The tour met up at Marienplatz, and then from there, went and saw the city, including the Residenz, and Hofgarten…the tour went into Englischer Garten, and we stopped at the Chinesischer Turm – which is a German beerhall with a Chinese pagoda theme – for dinner and beer. You can have traditional bratwurst or pork knuckle, or have a more common roasted chicken. Beer is served in 1-litre steins, so be ready to have a fun and wobbly bike ride back!
After we dropped off the bikes, we headed over to Hofbrauhaus were we drank many more litres of beer, sampled some German snuff, and partied until we passed out!
July 9 – Munich to Austria
We were up and out of there by 730am. Beer headaches suck, but are quickly cured with ice-cold melted Alps snow! That’s right, off to whitewater rafting! ( www.feelfree.at ). We got there around 11am, suited up, and headed out! It was so much fun! It was my first time whitewater rafting ever! And MAN, that water is COLD. The views were absolutely spectacular And the crisp fresh air felt so good….I wanted to stay on the boat forever! For those debating on whether or not to do this, the only condition really is you need to know how to swim. The waters aren’t THAT rough, so you don’t need to worry. Remember, this was my first time, and I wasn’t really that scared…more in awe of the scenery!
Anyways, after the ride is over, you meet your bus and anyone who didn’t go on the ride at the meeting point. There, they provided towels for you, and a warm shower. You can keep all your things safe on the bus – do not worry. When the ride is over, you grab your “change bag” and run to the showers. Note – this is not time to wash your hair and shave. It’s to warm up, get off any dirt, and get changed. There’s not enough time to get ready like you would in the morning. Anyways, there’s a little shop and snack bar if you want to get a beer or souvenir. You can also buy the pictures that were taken of you during the trip. I’m SO glad I bought these.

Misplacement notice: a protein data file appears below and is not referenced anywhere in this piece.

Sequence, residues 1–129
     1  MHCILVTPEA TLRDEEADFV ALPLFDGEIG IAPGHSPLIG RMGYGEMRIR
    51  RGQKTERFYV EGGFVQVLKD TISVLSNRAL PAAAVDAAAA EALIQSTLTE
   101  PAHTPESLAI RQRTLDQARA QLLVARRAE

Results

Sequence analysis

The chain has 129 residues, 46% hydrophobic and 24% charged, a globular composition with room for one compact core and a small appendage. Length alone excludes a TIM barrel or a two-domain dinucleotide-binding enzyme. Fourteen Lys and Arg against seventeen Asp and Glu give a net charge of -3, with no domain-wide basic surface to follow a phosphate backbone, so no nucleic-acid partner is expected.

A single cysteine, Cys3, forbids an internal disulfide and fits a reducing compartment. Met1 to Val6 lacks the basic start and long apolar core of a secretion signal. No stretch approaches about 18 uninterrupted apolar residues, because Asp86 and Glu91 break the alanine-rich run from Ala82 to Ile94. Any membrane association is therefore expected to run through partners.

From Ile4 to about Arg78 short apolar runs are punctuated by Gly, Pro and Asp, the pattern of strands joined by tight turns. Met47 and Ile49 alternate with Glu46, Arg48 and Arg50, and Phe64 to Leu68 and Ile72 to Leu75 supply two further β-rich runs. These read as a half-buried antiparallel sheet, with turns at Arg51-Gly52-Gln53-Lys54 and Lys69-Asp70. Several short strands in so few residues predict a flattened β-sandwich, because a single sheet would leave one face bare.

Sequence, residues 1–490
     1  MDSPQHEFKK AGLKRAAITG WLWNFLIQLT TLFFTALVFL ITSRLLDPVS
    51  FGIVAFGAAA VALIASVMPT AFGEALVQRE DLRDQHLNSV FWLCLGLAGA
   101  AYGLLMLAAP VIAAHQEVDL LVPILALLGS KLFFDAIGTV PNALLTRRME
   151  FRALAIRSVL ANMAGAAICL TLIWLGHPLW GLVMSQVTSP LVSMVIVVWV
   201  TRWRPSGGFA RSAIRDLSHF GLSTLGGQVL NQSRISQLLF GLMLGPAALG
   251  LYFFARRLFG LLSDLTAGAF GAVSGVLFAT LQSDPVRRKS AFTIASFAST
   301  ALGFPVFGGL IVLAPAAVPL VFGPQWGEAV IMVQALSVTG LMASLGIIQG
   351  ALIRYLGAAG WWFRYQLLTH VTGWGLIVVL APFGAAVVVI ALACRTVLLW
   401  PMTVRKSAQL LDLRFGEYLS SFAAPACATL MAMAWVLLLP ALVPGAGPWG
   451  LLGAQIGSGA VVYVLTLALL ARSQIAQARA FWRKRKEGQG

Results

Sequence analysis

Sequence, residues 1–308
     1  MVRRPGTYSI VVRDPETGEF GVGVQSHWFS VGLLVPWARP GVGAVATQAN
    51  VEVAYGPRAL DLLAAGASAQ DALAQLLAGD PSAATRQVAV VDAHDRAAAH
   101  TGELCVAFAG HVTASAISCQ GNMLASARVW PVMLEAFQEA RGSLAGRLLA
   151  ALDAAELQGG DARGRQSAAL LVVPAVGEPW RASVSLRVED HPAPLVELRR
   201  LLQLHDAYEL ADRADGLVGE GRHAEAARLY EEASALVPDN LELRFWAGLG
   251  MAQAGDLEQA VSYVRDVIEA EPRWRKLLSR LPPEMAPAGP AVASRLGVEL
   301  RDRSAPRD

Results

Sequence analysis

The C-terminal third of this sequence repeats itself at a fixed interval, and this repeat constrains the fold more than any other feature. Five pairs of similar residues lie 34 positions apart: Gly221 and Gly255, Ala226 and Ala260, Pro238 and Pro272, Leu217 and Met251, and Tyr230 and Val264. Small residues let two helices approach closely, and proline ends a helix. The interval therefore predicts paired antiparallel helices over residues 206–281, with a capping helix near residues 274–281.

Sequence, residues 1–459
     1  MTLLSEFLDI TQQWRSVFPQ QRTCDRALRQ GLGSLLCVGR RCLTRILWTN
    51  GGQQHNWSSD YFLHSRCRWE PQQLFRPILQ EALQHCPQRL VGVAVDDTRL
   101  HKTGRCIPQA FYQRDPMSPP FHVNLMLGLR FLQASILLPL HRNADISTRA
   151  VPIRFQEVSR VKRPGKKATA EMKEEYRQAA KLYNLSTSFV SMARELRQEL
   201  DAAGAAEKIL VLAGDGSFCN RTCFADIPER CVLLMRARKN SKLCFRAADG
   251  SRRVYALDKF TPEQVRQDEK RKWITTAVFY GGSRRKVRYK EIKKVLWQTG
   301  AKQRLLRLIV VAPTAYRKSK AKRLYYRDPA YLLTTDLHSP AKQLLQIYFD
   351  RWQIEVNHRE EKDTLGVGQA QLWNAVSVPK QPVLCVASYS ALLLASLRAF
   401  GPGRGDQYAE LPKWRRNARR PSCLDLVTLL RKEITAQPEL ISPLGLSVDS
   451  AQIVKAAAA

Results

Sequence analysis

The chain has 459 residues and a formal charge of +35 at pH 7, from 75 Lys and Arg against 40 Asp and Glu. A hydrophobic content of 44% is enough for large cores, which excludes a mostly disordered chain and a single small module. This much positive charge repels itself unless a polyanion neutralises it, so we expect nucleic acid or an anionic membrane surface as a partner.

Anyways, we left there, and normally, the next stop is Swarovski Crystal World. However, no one really signed up for this, so we made a group decision (easy to do when there’s only 28 of you) to go to nearby Innsbruck instead!!! What an AMAZING city. It was so beautiful and so clean, and so..so…ah, I want to move there! Now people should note, this is not part of the Contiki European Discovery tour normally, and our TM was very flexible, so anyone going on this in the future may not necessarily get to do this. But I am so fortunate that we did go.
We left there about 4pm or so, and headed to the hotel in Itter. It was really cute! We pretty much had the whole hotel to ourselves. We had dinner (um, veeery salty/garlicy soup as an appetizer – no one liked it and I SWEAR there was fennel in it!), then had drinks on the patio. We eventually moved inside for the “white out” party. Basically, you are supposed to dress in white (which only a few people did), and they have a black light on so everyone’s glowing. There was dance music/top 40 music playing, and everyone drank, danced and had a great time! Most of us were pretty hammered and danced the night away.
July 10 – Austria to Venice
Early breakfast again at 7am, and the bus left at 730am! I decided that it’s official – anyone who lives near a highway in Italy owns a vineyard. Seriously. There’s were vineyards all the way into Venice!
Anyways, so we arrived into Venice around 2pm. We took a “shuttle boat” over to the actual city itself, walked past the Bridge of Sighs and into Piazza San Marco. Everyone was left to explore on their own – there was, of course, the free glass blowing demonstration for those who were interested, but my husband and I wanted to spend our little time there seeing the city.
We went up the Campanile, and had an amazing view of the city. The wait in line was about 5 minutes, and it cost EUR7.00 each. We also walked down to the Rialto Bridge (classic! gorgeous!), and on to the Campo Di San Polo (which is supposed to have a great little market, but it was lame – don’t waste your time walking over there. I mean, we got to explore more of the city, so that was nice, but there were only a handful of stalls there…not worth the walk.) Next, we all met back at Piazza San Marco, for those wishing to do the optional excursion of the gondola ride.